New Praise for an Old Painkiller
New reports on painkiller risks, based on reviews of dozens of studies including hundreds of thousands of patients, indicate most patients should try naproxen, an older anti-inflammatory drug.
Experts say it doesn't raise heart attack or stroke risk -- a major worry for older people -- and naproxen is inexpensive because generic versions have been around for years. Available over the counter, it's taken by millions of Americans.
The drawback is that like most painkillers, it can irritate the stomach, so doctors say some people may also need to take one of the newer acid reflux drugs.
"I do think we should start with naproxen in the vast majority of cases," said Dr. Steven Nissen, head of cardiology at the Cleveland Clinic and president of the American College of Cardiology. "It's about balancing the cardiovascular and gastrointestinal risk."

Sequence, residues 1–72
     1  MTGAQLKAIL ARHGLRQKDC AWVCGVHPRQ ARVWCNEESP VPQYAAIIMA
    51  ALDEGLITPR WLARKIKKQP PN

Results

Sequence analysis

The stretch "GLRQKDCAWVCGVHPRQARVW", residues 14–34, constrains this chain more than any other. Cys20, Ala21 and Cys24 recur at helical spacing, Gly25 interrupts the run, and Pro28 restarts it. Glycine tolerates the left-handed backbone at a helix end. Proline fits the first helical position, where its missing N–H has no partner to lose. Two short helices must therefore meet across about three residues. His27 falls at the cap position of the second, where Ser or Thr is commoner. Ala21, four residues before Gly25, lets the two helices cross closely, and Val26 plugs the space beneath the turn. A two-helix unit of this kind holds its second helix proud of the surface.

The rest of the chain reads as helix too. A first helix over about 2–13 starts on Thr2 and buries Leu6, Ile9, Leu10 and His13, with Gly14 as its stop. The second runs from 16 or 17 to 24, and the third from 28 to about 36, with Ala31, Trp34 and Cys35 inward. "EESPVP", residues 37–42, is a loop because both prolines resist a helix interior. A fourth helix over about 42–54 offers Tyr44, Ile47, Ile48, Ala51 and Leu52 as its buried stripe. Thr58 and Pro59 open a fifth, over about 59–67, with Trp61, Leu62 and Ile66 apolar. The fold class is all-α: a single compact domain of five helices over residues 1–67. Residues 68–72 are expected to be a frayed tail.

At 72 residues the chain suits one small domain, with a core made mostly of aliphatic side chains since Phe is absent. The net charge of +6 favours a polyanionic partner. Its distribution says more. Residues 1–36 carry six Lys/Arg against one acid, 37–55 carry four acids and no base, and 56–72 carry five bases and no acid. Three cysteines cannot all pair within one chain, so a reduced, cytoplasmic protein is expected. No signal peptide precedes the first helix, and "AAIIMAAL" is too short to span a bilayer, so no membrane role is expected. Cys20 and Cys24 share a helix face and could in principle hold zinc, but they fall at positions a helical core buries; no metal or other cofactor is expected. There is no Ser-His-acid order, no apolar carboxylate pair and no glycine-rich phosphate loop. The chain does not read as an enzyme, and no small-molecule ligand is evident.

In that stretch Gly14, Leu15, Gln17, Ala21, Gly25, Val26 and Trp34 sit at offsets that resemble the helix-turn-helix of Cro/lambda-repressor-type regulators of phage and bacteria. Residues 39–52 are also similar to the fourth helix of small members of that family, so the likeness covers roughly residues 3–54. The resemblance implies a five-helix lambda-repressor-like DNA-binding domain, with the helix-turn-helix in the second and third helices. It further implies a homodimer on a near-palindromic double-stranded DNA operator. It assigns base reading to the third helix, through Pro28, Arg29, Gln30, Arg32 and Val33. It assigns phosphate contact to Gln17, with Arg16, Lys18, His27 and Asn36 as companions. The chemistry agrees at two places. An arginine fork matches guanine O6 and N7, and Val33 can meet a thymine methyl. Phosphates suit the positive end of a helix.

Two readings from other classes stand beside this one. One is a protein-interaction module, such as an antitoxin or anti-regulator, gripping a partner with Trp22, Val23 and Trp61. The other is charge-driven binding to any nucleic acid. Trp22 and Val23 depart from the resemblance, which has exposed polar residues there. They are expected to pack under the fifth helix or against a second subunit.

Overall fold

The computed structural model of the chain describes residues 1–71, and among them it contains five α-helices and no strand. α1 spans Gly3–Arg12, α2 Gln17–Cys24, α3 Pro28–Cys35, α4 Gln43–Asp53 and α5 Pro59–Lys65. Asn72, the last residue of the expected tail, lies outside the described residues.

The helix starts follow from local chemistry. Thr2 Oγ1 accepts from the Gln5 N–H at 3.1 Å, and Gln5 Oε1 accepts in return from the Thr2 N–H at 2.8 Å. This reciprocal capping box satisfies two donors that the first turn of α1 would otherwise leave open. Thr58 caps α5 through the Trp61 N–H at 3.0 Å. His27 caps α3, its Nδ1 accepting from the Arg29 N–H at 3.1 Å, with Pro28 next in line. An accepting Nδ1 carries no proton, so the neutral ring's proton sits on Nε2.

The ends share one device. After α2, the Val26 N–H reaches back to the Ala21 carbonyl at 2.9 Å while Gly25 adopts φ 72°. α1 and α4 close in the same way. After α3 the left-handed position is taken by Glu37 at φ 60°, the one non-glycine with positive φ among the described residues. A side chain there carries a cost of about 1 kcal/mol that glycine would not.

The new reports were published recently on the Web site of the Journal of the American Medical Association because of their public health implications ...
Along with the good news about naproxen, the two studies raise new concerns about a few painkillers, particularly diclofenac, which has been on the market since 1988. The commonly used anti- inflammatory drug, also sold as Voltaren and Cataflam, carries as high a risk of heart attack or stroke as Vioxx.